She successfully organizes a house populated by seven bachelors just because she can. Cinderella’s hard-working for sure, but she doesn’t really do much. By far the worst character in the animated Cinderella movie is the Prince. The guy literally does not have a name, even in official Disney merchandise. He and Cinderella just sort of dance around and boom, in love. Not even a single conversation passes between them. I think the prince only has one line in the entire movie which is “Where are you going?” The dude is eye-candy plain and simple. A waltzing Roomba could replace his character and there wouldn’t be any difference in the story. The original Cinderella is pretty and pointless, which is why I had really, really low expectations for its modern adaptation. Well at least it couldn’t be worse then Maleficent.
The 2015 version of Cinderella was amazing. It blew all my preconceived prejudices and biases out of the water. First of all, it was amazingly well made. I’m talking Oscar-worthy costuming and set design. The few months I spent working with the set team for V2 made me really appreciate how much work goes into the costumes and set pieces in a production. The dresses, the scenery, the little tiny touches in the furniture and paintings were all absolutely breathtaking. Cinderella’s blue gown, the one she goes to the ball in, it was absolutely stunning. I’m letting my REALLY girly side show on this, but good gracious Lord that dress was beautiful. I read an article that said Cinderella’s dress used more than 270 yards of fabric, with 10,000 Swarovski crystal sewed into it. It took 18 tailors 500 hours to make. I usually don’t think clothes are worth squealing over, but darn it I’m going to squeal over that dress. It was gorgeous, all the costumes in that movie were gorgeous. Sandy Powell, the costume designer, deserves her fourth Oscar for that one.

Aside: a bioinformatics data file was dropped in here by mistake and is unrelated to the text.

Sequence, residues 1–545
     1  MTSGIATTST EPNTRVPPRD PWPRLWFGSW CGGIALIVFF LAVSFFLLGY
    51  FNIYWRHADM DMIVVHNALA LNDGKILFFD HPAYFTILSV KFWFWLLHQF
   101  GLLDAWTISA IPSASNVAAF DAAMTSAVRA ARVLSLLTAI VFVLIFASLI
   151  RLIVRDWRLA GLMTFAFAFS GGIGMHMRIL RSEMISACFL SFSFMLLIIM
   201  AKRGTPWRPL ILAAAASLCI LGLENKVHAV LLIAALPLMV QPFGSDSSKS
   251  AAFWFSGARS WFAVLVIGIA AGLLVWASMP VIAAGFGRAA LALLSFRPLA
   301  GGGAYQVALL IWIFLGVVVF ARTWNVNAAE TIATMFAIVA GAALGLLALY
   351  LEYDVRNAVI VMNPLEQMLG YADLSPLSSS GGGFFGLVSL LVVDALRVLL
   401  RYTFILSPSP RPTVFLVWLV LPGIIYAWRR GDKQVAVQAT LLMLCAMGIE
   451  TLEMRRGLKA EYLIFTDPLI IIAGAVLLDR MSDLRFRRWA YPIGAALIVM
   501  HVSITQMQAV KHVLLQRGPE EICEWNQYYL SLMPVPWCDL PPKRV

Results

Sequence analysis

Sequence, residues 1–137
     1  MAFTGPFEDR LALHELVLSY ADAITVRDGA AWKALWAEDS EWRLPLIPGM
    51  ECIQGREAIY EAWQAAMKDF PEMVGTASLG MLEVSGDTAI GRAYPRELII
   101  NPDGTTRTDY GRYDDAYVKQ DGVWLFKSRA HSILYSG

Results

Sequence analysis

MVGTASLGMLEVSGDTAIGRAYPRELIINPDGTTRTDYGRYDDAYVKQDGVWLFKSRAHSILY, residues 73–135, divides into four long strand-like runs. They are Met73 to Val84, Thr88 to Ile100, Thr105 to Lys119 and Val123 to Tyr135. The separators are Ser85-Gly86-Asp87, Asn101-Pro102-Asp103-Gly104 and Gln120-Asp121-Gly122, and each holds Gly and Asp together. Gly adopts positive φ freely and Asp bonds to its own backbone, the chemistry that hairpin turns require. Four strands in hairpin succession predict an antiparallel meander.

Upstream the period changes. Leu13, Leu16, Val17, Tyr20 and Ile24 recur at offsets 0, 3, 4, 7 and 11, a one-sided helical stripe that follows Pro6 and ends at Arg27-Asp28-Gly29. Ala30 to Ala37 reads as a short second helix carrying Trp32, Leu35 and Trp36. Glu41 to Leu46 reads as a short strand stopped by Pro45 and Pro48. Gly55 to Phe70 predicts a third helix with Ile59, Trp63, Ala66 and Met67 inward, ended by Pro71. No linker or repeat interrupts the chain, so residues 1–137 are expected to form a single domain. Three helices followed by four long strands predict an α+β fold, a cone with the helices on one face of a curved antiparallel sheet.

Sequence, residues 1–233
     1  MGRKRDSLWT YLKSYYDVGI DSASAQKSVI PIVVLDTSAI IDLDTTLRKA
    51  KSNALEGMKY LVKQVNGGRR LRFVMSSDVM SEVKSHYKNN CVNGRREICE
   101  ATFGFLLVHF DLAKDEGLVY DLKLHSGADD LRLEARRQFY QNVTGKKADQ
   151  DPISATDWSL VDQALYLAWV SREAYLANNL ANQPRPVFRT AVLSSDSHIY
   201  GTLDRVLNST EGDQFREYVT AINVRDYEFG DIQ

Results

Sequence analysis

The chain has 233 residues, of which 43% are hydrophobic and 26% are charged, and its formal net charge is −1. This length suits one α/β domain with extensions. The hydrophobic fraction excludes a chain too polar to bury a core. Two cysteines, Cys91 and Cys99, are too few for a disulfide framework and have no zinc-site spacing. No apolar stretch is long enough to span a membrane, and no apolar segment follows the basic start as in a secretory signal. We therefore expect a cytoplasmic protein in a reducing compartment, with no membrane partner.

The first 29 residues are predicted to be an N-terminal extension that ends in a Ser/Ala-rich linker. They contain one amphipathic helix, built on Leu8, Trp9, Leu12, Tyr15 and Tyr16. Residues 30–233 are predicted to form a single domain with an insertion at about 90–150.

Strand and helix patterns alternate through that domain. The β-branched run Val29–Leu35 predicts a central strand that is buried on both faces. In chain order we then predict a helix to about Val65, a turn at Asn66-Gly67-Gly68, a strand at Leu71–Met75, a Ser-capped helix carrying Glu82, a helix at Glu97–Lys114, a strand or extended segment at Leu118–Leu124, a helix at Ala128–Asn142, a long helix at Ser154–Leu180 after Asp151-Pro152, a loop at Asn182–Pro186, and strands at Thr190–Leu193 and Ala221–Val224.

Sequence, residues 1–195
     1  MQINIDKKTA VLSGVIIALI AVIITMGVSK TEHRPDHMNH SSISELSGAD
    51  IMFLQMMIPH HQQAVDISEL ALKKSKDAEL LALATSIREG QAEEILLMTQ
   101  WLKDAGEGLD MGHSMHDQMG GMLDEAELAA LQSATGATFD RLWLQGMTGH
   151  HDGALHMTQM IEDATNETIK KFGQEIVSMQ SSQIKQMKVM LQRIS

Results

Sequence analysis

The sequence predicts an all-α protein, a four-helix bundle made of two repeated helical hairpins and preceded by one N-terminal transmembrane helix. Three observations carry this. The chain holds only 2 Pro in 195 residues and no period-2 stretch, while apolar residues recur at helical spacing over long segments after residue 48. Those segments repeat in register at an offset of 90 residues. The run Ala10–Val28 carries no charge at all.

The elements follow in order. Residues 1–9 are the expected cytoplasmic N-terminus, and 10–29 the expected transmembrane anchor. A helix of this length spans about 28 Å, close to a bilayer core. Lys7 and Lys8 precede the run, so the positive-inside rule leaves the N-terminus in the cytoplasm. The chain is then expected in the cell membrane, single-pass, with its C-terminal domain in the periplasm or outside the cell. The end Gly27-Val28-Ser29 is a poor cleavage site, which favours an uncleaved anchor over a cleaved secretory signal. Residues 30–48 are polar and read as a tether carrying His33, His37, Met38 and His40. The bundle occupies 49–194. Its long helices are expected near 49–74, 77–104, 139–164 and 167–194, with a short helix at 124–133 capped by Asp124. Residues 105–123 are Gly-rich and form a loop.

But even beyond the wonderful aesthetic production values, the story and acting made me really connect with this ancient story, retold for countless generations about a poor, downtrodden girl who rises from the ashes and wins the heart of the ruler with the help of a little magic transformation. Cinderella was still the same good, selfless girl who did thankless tasks and took heaps of abuse with a good attitude, but this time around we got to see why she was able to do that. It takes a lot of work to be good and selfless in the face of ugliness and evil. This version’s Cinderella, played convincingly by a sparkly-eyed Lily James, shows us her early life marked by happiness and kindness that was ingrained into her by her parents, who told her to “Always have courage and be kind.” When that childhood abruptly ended and left her an orphan under the oppressive rule of her wickedly manipulative and cruel stepmother, Cinderella uses her parents’ lessons to keep out of despair and protect her ancestral home. But what this movie shows is how hard cruelty can be, even to the most selfless of people. When her stepmother refuses to allow her stepdaughter to even eat with them at breakfast and mocks her disheveled appearance, Cinderella flees to the forest in tears. But fate allows her to run into a royal hunting party led by the handsome (and this time named) Prince Kit. When she intervenes for the sake of the stag the party is hunting, Kit becomes enamored with her kindness and courage, and by the fact that she does not recognize him as the prince and speaks freely. I was taken by the great chemistry shared by Cinderella and Kit even in this early scene that made the whole love at first sight shtick palpable to me, the jaded modern viewer.